With the dawning of a new decade, the United States Census Bureau will begin carrying out a constitutionally mandated count, or Census, of every US resident from sea to shining sea. The importance of this process cannot be understated, as the final numbers will determine everything from the number of electoral votes the State of Texas will have, to which roads are built and repaired. That said, I thought it appropriate to take a break from our weekly examination of interim charges to provide you with information about the Census process, describe how you and your family will participate, and underscore the importance of an accurate Census.
To give you an idea for the magnitude of this operation, the U.S. Census Bureau has hired over half a million temporary workers to administer a count of every individual residing in the United States. And when they say every individual, they mean every individual—whether you’re a citizen or non-citizen, 100 years old or 100 hours old, live in the city or out in the country, the Census seeks to get an accurate reading of the population in every corner of the country. It’s important to understand that information obtained by the Census cannot be used for any other purpose, meaning that you cannot be prosecuted for any reason based on the information you provide. Moreover, the Bureau has gone to extraordinary lengths to ensure the upmost security and confidentiality with respect to your personal information.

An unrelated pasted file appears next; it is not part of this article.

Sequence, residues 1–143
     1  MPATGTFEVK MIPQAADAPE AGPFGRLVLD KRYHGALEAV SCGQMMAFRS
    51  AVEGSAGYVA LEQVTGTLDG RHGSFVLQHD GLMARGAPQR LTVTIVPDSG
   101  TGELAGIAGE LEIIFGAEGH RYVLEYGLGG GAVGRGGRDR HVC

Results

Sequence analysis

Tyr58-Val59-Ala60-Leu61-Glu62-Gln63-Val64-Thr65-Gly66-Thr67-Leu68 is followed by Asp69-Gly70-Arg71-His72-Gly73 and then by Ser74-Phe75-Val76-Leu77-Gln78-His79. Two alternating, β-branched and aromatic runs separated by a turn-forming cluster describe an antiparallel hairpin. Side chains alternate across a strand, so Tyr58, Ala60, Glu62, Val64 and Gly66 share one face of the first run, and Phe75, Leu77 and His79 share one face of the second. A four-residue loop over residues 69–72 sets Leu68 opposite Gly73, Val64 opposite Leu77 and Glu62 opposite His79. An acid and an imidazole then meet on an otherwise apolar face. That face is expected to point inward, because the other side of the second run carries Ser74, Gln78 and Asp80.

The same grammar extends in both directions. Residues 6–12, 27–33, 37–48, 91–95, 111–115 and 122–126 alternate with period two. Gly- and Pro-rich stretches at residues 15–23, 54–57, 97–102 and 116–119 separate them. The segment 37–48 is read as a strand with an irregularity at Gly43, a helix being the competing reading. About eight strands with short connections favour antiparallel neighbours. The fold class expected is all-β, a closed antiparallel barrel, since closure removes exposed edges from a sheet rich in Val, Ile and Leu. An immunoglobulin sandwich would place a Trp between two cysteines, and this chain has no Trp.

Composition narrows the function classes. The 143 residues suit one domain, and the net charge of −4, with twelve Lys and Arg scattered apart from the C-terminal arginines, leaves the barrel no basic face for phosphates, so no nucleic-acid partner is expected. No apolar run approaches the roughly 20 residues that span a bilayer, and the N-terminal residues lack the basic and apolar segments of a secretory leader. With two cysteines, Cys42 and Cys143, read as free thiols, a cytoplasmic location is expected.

Unlike previous Censuses, this is the first time that residents will be able to respond to the 2020 census questionnaire online or by phone. This is especially important to the folks in our area, many of whom live in rural areas that are considered “hard-to-count areas,” given their geographic location. Starting in mid-March, people will begin receiving letters that include a unique number they will enter in online. The letter will also have a phone number that you can call to respond to the questions in 13 different languages. If you accidently throw the letter away, don’t worry. You’ll receive several reminders, including: a second letter on March 16-24; a postcard reminder between March 26th and April 3, and a fourth letter around April 8th, which will include the questionnaire.
The State of Texas only benefits from a full and accurate count of our population, especially in rural areas like those I represent. Given the explosive growth our state has experienced in urban and suburban areas over the last decade, and with redistricting around the corner, the stakes could not be higher in our battle to preserve rural representation at both the state and federal level. In order to continue to promote and protect the values and ideals that we hold most dear, we have to stand up and be counted so that our rural voice remains strong.
The mobile office is back on the road in the month of January and looks forward to seeing you on the following dates, in the following locations: 9-11 a.m. Feb. 5 at the Leon County Courthouse in Centerville, or 1:30-3:30 p.m. at the Madison County Courthouse Annex in Madisonville; Feb. 19 9-11am at the Houston County Courthouse Annex in Crockett, or 1:30-3:30 p.m. at the Trinity County Courthouse in Groveton; Feb. 26 9-11 a.m. at the San Augustine County Courthouse in San Augustine.
As always, please do not hesitate to contact our office if we can help you in any way. Our District office may be reached at (936) 634-2762, or you can call my Capitol office at (512) 463-0508.